Mendez at heart of it all for Bulls
For University of South Florida senior outfielder Alex Mendez, the term is appropriate.
When the Bulls (35-20) open against Rutgers (26-28) tonight in the Big East Conference tournament at Bright House Field, probably needing a tournament title to assure the program's first NCAA regional appearance since 2002, you can expect Mendez to be in the middle of things. He's batting .307 and has a knack for getting on base to start a USF rally. He also works as a relief pitcher.
When USF's season concludes, possibly signaling the end of Mendez's competitive baseball career, he will not hit a chasm. Life will get busier — and more rewarding.
That is simply his way.
“Every coach wants a kid like Alex Mendez on their team,'' USF coach Lelo Prado said.
Mendez, a double major in Biochemical Sciences and Business Management, carries a 3.82 grade-point average. He was named to the USF Business College's Top 25 Under (age) 25. He is applying to medical school, with the ultimate goal of becoming a neonatologist or orthopedic surgeon.
He has more than 800 hours of volunteer work for charitable organizations, with a particular interest in Samaritan's Feet, an international philanthropic group that distributes shoes to the needy.
He was a four-year president of USF's Student Athlete Advisory Council and was selected to serve as the Big East's NCAA SAAC representative — making him one of 31 voices for more than 400,000 NCAA athletes. On the national level, he has worked on committees for minority opportunities and health awareness.
Mendez is one of 10 national finalists for the Senior CLASS Award — the acronym stands for “Celebrating Loyalty and Achievement for Staying in School'' — with the winner being announced at the College World Series.
“I'm truly amazed at everything Alex does,'' USF junior outfielder James Ramsay said. “It speaks to his organization, his drive and his intelligence. I think it also makes him the baseball player that he is, because he is committed and mentally prepared.''
So, how does Mendez manage that kind of life?
“There are definitely some sleepless nights when you have to study,'' he said. “There's not a lot of down time. You're pretty much on the go. You have to prioritize and organize your schedule.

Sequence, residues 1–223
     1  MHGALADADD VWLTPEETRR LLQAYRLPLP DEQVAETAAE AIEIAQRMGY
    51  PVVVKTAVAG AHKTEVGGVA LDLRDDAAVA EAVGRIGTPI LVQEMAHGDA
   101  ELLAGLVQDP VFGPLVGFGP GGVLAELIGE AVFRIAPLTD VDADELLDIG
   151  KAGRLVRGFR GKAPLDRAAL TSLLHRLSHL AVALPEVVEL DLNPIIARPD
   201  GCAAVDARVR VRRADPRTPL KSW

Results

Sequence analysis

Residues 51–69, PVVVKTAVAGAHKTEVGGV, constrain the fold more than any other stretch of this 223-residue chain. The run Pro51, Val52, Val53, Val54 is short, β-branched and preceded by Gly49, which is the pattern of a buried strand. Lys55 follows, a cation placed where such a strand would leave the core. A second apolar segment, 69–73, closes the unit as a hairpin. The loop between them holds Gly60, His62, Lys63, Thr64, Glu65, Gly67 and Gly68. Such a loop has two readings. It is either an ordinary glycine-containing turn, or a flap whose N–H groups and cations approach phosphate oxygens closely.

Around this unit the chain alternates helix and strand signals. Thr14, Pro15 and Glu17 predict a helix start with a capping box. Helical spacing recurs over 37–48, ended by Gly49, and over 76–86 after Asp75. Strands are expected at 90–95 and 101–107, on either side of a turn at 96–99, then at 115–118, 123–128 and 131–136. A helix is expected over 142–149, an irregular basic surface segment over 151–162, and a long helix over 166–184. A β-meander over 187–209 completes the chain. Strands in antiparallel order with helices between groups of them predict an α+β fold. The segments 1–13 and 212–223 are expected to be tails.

“But here's the thing. You're doing things you love. I love baseball. I'm dedicated to doing well in school. I've always had a passion for helping others. I've truly had the greatest student-athlete experience here at USF. No matter what I'm doing, I'm enjoying it.''
Prado has noticed that characteristic.
“He's always happy,'' Prado said. “He's always smiling. He's always ready to go. It's easy to see why he's a success. He takes advantage of every single opportunity there is — on and off the field — and people like that always thrive.''
Mendez also has endured some adversity.
From Orlando Bishop Moore High, Mendez was drafted by the Minnesota Twins, giving him an option. But two weeks later, while working out, he couldn't throw a ball more than 30 feet. He learned that he had torn the ulnar collateral ligament in his left throwing elbow, which required Tommy John surgery.
“It was a rude awakening,'' Mendez said. “It showed you the sport could be taken away from you at any time. It kind of put my priorities in order. It showed me that everything isn't easy. Life can be tough.
“My arm has been good ever since. I don't know that I would have (signed to play professionally), because I always knew there was more to life (than baseball). As it turned out, things have been great because I've developed in so many ways here at USF.''
Mendez wants to experience the NCAA regional. The Bulls nearly made it last season, but they lost to St. John's in the Big East championship game.
“It hurt, coming that close,'' Mendez said. “I really believe we have the capability of winning against national powerhouses. We've got a lot of heart on our team. We just need to put it together at the right time. We want this season to be remembered.''
Regardless of what happens, when Mendez's time is done, he will be remembered at USF.
“His hard work and results are why we all do this,'' Prado said. “He has been a big part of our baseball program. But we're also pretty excited about what he's going to become (in life).''